Atonement (2007)


I’ve always known Atonement has a powerful ending. I had no idea in what way. But damn if this didn’t sound ominous:

Screenshot 2018-01-11 20.38.08

When Atonement begins, it’s lovely — the scenery is filled with light, people smile and kids are being kids. Something doesn’t click, though, and after a while, I understand why. The music would fit to a funeral scene.


So the film is ominous right from the start. Perhaps not enough, though, because I wasn’t ready for that ending — nobody could be.

Briony, the storyteller, is portrayed by three people over the film: Saoirse Ronan as child, Romola Garai as a young adult, and Vanessa Redgrave as an old woman. Redgrave’s performance, the shortest one, is incredible, and perhaps only shadowed by James McAvoy. McAvoy and Keira Knightley are perfect together from the first moment we see them lay eyes on one another, but McAvoy’s intensity is what sticks. I love him, but I have never seen him as great as he is as Robbie.


If the story we follow over many years can be called a love story, it’s a cruel one. Robbie and Cecilia are a beautiful couple, but they are immediately torn apart by a child’s jealousy. Briony is the kind of child that rubs you the wrong way right from the start. Even if you want to feel compassion, it feels a bit useless since she does a horrible thing. If she had been lovely from the start, we could forgive her. But just like Cecilie, we cannot.

The film is so gorgeous that it agitates you. What happens to Robbie and Cecilia in their worlds is so ugly; there is no right. Atonement is a story that sticks, sticks maddeningly and irritatingly, melancholy and infuriation all at once. Just when you think that you have made your peace, Redgrave comes and breaks your heart.



In the end, is nothing more but a story, and the ending is nothing but the story. We cannot just stick another ending to it when we are not happy how it wraps up, but in truth… they are both just works of fiction. Oddly, this is not comforting.




The Blind Spot Series is a blogathon led by Ryan at The Matinee, where the aim is to watch an essential film every month. You can find my choices for 2014 here.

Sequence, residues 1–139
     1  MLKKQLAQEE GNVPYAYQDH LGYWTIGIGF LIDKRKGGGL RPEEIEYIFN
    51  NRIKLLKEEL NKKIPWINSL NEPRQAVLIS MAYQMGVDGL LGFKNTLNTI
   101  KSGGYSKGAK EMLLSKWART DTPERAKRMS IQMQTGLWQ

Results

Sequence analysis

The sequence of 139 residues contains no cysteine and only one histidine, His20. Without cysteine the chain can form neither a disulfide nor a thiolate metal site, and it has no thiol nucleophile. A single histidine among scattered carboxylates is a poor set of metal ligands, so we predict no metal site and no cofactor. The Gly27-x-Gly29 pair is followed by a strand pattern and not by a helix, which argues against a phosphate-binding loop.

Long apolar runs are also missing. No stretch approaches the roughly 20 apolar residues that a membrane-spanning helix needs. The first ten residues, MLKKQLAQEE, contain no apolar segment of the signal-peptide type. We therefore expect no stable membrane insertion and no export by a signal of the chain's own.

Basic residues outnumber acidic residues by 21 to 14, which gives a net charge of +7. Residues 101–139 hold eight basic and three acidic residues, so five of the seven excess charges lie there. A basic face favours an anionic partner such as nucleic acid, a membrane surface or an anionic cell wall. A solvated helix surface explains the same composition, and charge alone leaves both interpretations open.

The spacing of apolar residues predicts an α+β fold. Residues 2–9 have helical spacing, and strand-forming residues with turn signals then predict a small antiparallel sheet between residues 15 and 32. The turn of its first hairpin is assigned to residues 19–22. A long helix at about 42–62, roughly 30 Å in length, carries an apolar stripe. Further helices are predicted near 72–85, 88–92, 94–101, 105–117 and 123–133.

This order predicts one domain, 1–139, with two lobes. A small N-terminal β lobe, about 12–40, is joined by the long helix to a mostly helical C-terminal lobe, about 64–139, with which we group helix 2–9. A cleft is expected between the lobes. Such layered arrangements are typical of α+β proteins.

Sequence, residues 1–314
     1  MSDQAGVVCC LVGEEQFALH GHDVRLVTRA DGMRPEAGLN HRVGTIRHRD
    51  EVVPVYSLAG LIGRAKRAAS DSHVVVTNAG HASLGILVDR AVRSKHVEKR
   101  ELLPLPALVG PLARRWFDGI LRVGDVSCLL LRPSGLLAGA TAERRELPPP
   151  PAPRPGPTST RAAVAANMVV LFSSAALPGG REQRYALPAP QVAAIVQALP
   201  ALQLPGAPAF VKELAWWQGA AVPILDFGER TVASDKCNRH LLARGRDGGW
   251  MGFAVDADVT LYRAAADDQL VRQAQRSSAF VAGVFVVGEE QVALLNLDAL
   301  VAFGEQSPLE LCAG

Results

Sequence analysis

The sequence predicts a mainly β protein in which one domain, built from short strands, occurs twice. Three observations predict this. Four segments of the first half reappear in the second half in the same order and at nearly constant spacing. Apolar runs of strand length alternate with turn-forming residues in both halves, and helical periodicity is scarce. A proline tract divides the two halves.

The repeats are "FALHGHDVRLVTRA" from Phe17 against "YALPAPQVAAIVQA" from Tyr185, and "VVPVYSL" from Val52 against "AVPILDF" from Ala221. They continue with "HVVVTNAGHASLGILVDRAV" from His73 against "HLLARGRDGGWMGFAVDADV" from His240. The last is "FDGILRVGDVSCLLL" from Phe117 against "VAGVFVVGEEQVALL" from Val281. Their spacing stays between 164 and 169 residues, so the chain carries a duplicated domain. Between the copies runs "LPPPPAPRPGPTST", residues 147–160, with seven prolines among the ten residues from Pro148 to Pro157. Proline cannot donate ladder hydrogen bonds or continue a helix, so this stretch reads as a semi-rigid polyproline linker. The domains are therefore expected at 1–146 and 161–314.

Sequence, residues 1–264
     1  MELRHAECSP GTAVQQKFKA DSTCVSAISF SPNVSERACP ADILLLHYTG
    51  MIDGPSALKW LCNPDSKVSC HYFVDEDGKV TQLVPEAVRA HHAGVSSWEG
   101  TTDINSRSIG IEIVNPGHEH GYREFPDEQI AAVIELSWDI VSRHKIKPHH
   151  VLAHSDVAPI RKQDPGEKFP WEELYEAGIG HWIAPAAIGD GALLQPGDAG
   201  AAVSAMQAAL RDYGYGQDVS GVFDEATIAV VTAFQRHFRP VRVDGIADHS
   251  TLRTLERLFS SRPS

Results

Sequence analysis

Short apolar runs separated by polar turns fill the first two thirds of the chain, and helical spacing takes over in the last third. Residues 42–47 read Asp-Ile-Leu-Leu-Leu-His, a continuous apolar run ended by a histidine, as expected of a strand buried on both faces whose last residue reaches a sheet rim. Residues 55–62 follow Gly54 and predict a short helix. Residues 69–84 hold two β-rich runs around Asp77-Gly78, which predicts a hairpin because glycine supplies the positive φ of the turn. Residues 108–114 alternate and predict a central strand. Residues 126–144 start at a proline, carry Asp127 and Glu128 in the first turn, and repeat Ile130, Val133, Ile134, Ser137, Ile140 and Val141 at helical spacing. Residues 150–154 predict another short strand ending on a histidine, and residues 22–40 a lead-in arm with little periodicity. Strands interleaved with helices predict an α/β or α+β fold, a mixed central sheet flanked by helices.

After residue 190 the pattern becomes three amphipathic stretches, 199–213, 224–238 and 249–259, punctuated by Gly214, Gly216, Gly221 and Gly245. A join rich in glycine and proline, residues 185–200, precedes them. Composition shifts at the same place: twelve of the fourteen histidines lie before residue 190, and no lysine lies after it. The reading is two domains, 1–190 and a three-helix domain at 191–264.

18 responses to “Atonement (2007)

  1. Pingback: Blind Spots 2014 | Films and Coke

  2. Yeah, it’s horrible isn’t it? I mean I completely lost it at that ending. That was beyond cruel since the movie essentially lies to you and pulls the rug from under you once you actually found hope and some comfort. It’s seriously worse than what they usually pull on Thrones when something awful happens 🙂

  3. McAvoy is so good in this and Knightley is not bad either. So heartbreaking.

  4. A reason why I don’t see this often is because of the ending. I don’t think I’ve ever loathe a character as passionately as I loathe Briony Tallis. What she did was simply horrible. So there’s the ending, and that – when I catch even glimpses of the film, I can’t help but think, if Briony didn’t do that, Robbie and Cecilia could have had their happy ending.

  5. Atonement is so great! I just haven’t been able to revisit since because of how much I cried the first time. Seems like punishment to go through again.

    Briony is one of my most hated characters. She’s such a bitch.

    Great review! I agree McAvoy was very good in this.

  6. Great review! I absolutely loved McAvoy and Ronan in this. I thought they were both tremendous. That ending killed me, I did not see that coming, and I absolutely bawled.

  7. “..but in truth… they are both just works of fiction. Oddly, this is not comforting.” I love this! 😉 I agree, this has got to be one of the most difficult films to digest because it’s damn heartbreaking! But of course, a great film!

  8. Lovely write-up, Elina. I love this film, and the book is amazing too! You’re totally right, it’s just too beautiful for such a devastating story!

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  10. Altough the ending was sad I for one appreciated the change. I like it when movies trick me. Atonement was my choice for Best Picture in 2009. I really thought that one deserved it

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